Practical flying cars are entering the consumer market Anti-gravity propulsion has been under development for almost a century now.* Initi...

Practical flying cars are entering the consumer market

Anti-gravity propulsion has been under development for almost a century now.* Initially seen in military applications, it eventually found its way to the consumer market. Here, it began showing up in various luxury items and devices, such as hoverboards and floating recliners.

Further refinement of this technology - together with advances in AI, microjets and collision avoidance systems - has led to the dawn of a new era in personal transportation. In the late 2070s, it is not uncommon to see what citizens of earlier decades might describe as "flying cars" moving through cities.

In fact, these are light-duty vehicles based on earlier military VTOL (Vertical Take-Off and Landing) craft, but with slimmed down functionality and costs. They come in a variety of models and sizes, but are typically around 4 metres wide, and limited to a maximum of one or two passengers. By the end of this decade, they are becoming cheap, safe and numerous enough to be regarded as a mainstream form of transport.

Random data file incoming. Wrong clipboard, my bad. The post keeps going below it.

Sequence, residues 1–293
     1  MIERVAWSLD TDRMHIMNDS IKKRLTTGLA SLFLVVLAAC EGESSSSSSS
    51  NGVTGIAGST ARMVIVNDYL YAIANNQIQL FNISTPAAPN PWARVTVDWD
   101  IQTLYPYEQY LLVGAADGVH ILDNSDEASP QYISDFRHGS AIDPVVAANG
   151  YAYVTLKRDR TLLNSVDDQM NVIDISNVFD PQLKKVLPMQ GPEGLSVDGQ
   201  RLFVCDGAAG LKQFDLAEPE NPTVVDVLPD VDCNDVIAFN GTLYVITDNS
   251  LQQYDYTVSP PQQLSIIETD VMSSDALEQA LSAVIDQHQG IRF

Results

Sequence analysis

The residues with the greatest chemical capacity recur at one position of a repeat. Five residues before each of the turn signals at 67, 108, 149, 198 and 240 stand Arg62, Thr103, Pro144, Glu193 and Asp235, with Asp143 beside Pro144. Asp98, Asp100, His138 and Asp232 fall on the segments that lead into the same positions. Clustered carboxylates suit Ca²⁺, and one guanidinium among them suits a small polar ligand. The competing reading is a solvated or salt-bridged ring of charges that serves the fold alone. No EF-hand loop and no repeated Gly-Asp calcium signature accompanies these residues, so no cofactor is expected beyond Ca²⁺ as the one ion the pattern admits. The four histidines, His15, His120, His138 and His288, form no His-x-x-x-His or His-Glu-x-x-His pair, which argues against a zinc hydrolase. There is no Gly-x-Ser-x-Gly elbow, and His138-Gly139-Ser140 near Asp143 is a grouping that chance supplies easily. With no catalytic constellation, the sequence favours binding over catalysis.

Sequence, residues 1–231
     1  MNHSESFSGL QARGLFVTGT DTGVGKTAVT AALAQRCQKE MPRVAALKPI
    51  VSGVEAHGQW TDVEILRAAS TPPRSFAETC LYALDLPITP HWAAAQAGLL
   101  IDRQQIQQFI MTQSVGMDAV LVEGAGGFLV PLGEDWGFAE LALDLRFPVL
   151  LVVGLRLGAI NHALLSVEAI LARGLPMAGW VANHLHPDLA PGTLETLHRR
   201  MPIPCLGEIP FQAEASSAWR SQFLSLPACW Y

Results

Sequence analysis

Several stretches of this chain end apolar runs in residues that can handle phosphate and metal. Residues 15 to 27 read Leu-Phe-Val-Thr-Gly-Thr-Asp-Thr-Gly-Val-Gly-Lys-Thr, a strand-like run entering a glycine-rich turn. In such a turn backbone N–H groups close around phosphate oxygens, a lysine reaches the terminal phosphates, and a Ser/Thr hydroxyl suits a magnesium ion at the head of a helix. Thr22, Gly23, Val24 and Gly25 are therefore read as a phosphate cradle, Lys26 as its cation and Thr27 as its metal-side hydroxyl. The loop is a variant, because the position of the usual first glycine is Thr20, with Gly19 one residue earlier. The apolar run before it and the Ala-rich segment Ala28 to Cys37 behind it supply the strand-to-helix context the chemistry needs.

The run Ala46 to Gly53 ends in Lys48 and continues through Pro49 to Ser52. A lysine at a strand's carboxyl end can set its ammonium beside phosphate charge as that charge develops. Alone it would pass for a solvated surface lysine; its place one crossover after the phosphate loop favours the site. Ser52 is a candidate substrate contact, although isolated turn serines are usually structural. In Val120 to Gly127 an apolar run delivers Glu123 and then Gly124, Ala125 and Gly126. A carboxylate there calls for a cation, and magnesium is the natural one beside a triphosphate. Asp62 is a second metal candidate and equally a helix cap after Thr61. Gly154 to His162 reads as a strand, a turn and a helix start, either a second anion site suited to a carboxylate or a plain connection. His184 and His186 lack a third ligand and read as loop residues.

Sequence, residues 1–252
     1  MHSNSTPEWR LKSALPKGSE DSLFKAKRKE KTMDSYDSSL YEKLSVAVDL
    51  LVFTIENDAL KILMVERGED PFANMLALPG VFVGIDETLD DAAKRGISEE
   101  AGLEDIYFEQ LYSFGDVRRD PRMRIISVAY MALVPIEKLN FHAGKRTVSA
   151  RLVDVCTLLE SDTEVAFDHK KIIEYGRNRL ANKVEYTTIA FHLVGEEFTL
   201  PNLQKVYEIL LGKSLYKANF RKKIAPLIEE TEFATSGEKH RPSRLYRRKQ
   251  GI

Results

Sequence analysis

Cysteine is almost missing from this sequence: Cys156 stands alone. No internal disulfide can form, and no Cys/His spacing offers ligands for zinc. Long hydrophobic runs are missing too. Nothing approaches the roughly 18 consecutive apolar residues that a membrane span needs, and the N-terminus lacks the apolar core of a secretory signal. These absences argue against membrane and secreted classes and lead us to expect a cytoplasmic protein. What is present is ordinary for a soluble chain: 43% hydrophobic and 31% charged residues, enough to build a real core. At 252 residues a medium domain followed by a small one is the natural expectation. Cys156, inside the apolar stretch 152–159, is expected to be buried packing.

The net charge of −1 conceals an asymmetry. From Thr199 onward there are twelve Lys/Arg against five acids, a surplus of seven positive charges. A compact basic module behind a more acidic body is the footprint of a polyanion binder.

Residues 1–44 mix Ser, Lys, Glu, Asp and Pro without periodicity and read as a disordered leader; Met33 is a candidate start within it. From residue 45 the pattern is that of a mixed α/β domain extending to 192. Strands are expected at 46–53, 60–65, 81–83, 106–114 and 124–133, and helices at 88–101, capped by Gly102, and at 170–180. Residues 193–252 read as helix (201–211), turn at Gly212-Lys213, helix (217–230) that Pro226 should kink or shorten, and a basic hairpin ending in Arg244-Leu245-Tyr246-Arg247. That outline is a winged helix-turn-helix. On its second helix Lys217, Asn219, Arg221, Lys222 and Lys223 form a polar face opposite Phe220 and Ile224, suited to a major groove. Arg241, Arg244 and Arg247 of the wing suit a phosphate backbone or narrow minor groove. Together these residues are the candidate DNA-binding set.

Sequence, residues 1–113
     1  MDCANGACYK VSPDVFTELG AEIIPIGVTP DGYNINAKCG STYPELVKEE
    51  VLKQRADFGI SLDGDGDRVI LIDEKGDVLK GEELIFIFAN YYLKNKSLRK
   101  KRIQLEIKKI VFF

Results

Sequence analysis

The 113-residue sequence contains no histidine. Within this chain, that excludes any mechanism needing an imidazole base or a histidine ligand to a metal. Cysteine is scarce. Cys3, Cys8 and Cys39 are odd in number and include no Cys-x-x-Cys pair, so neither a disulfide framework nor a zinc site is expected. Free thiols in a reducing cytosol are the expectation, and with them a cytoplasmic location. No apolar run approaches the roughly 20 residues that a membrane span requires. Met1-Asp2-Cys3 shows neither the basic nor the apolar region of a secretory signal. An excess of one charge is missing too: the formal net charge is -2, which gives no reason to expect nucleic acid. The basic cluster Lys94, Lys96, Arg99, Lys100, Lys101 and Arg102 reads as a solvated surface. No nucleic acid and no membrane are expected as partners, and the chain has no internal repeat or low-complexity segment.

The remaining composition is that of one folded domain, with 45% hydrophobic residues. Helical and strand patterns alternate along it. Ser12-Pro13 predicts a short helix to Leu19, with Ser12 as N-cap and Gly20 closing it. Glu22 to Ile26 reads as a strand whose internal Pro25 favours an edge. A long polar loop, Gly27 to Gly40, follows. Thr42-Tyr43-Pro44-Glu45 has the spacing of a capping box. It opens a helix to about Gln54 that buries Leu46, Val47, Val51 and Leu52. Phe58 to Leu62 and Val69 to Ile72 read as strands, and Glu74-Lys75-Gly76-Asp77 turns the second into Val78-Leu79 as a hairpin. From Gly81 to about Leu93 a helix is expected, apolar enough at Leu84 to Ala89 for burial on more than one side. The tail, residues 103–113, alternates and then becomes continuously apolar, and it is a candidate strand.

The craft have a number of advantages over established forms of mobility. Since they float above the ground, they can access terrain and environments that would easily defeat traditional automobiles. This makes them popular with adventurers and explorers. They are also substantially faster than normal cars, able to reach several hundred kilometres per hour if necessary. They are more versatile and manoeuvrable than aeroplanes and can utilise a much greater volume of airspace. Since the traffic they generate is decentralised and there is so much available airspace, this makes them safer than both cars and aeroplanes, too. Collisions are almost unheard of, in any case, due to the onboard software and AI.

In addition, they use considerably less fuel than earlier forms of transport and require less maintenance.

Some of the more expensive models are capable of reaching low Earth orbit for short periods. Others feature striking designs, often personalised by their owner - such as holographic decals and other accessories. These craft are being used by many businesses too (especially for rapid delivery of goods), as well as police and ambulance crews.

Further developments in anti-gravity will lead to bigger, more sophisticated versions - including recreational vehicles serving as truly mobile homes. Many previously inaccessible parts of Earth will become inhabited thanks to this, such as mountains and remote islands.

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